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The Brief American Pageant , Sixth Edition
David M. Kennedy, Stanford University
Lizabeth Cohen, Harvard University
Thomas A. Bailey
Mel Piehl, Valparaiso University
Suggested Lecture Topics
Chapter 10
Developing The Chapter: Suggested Lecture Or Discussion Topics


  • Elaborate on the reasons for skepticism about the new government, particularly the view that factionalism would eventually destroy a republican government that extended over such a large territory. Show how Washington deliberately acted to assert the durability of the new regime.

    REFERENCE: Stanley Elkins and Eric McKitrick, The Age of Federalism: The Early American Republic, 1788-1800 (1993).

  • Explain why the French Revolution was such a dangerously divisive world event, even in America. Point out that part of the disagreement in America was over whether the French were only carrying out the principles of the American Revolution or whether they were advocating a more radical doctrine of class conflict.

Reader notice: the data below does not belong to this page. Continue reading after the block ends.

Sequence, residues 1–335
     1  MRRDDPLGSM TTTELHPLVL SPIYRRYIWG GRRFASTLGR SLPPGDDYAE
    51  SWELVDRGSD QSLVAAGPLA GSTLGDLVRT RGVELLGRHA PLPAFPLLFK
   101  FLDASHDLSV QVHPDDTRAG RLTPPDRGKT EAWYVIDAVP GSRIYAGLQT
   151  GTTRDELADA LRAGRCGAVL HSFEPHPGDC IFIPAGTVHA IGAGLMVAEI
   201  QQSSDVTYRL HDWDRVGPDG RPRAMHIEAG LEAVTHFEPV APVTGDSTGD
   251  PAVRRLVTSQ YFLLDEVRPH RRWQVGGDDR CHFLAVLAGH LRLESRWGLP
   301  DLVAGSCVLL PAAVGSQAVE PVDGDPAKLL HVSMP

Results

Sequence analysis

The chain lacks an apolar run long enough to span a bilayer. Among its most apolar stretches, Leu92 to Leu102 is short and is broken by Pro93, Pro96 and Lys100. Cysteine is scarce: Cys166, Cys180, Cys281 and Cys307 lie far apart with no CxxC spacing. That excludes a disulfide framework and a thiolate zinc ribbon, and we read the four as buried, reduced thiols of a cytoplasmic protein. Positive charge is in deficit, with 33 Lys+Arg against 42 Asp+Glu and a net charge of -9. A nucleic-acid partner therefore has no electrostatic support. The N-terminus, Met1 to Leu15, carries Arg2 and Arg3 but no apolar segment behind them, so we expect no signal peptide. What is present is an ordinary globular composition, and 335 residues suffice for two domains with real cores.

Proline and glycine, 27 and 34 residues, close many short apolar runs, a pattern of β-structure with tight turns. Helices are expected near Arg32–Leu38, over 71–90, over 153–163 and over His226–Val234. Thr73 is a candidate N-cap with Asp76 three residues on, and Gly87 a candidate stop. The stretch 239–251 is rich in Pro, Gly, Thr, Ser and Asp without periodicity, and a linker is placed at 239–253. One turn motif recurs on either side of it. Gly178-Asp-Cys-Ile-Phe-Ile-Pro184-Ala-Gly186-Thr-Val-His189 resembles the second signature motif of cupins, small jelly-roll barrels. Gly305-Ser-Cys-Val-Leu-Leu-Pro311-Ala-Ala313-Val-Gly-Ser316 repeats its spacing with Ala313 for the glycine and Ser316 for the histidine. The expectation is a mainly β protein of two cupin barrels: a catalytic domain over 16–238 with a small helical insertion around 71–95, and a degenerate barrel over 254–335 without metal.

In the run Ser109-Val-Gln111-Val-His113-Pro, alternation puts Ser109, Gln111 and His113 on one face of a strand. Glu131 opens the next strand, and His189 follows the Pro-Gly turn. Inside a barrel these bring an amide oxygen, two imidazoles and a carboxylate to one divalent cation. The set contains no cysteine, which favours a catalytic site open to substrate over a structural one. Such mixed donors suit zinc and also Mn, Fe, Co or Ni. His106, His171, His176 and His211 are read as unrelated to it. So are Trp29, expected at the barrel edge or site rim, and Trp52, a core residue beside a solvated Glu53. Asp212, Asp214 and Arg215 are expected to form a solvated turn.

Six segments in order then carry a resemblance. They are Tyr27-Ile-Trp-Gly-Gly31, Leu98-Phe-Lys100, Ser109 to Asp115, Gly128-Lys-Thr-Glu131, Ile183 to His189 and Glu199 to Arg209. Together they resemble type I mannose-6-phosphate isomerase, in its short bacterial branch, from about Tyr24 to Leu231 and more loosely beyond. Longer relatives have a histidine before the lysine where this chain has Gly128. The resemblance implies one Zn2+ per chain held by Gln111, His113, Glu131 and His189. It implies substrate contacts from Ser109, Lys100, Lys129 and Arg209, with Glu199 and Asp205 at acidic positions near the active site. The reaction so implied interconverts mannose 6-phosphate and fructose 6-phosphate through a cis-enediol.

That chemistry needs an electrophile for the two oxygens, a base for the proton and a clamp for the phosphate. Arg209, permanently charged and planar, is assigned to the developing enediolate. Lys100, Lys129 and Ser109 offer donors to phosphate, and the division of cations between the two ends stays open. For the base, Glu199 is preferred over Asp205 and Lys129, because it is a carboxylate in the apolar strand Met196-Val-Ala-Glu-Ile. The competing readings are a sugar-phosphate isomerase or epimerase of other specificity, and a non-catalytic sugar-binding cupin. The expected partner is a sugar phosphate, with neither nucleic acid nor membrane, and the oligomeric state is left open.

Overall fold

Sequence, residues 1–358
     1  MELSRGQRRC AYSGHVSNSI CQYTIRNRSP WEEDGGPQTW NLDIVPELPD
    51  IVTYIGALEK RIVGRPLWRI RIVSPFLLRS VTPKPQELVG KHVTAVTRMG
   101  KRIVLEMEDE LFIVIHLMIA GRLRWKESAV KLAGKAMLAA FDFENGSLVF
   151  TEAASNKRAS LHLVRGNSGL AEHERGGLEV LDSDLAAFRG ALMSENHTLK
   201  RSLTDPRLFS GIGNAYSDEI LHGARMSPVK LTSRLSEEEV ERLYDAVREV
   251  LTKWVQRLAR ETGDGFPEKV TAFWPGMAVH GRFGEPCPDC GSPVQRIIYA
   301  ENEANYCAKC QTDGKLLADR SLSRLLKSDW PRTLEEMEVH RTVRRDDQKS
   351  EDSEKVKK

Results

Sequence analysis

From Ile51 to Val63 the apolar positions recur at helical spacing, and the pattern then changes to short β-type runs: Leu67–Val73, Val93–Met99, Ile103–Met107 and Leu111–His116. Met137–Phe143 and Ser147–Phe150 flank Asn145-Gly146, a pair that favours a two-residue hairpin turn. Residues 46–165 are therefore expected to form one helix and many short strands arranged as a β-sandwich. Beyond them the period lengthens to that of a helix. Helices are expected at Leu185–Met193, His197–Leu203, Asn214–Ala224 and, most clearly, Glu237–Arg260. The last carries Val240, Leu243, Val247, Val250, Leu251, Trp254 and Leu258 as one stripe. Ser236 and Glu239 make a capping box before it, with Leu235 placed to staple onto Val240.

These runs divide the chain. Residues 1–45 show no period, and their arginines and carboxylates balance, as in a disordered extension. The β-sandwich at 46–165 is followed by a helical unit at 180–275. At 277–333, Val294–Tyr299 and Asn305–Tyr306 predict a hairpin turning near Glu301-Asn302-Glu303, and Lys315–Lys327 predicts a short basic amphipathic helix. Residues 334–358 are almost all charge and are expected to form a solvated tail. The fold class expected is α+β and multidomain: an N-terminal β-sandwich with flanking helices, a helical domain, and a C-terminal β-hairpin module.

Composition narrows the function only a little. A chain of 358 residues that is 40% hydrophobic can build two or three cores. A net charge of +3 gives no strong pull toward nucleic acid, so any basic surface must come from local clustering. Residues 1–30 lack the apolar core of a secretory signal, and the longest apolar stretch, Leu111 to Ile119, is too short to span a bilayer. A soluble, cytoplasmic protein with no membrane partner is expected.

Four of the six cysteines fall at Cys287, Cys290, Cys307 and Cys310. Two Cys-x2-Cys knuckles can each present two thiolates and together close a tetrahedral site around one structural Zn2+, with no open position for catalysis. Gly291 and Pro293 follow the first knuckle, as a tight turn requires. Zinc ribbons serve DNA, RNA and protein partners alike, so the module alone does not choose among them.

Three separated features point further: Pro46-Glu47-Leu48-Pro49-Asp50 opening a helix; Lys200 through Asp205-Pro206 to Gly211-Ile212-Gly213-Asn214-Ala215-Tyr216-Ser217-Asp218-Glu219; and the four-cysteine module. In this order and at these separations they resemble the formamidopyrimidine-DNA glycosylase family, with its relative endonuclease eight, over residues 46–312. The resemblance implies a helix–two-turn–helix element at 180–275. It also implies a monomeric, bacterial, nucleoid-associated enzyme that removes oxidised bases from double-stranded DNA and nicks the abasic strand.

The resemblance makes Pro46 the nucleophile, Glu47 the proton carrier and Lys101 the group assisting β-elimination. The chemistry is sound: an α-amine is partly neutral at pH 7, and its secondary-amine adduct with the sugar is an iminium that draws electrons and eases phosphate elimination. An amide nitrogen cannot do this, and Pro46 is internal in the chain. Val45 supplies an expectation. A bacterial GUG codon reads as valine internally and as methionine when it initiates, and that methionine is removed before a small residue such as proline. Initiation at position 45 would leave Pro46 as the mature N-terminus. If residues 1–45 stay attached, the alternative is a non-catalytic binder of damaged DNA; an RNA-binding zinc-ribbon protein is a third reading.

REFERENCE: Daniel Lang, Foreign Policy in the Early Republic (1985).

  • Show how the Federalist-Republican conflict over foreign policy embittered domestic politics, since it raised charges of "disloyalty" on both sides. The GenÍt affair, Jay's Treaty, the quasi-war with France, and the Alien and Sedition Acts might all be viewed in this light.

    REFERENCE: Leonard Levy, Legacy of Suppression (1960).

  • Consider the Adams-Jefferson contest of 1796 in relation to both foreign and domestic-policy disagreements. The focus might be on how, despite the depth of the conflict over issues, the Federalists and Republicans finally kept their contest within the bounds of peaceful electoral politics and the shared value of republicanism.

    REFERENCE: Lance Banning, ed., After the Constitution: Party Conflict in the New Republic (1989).



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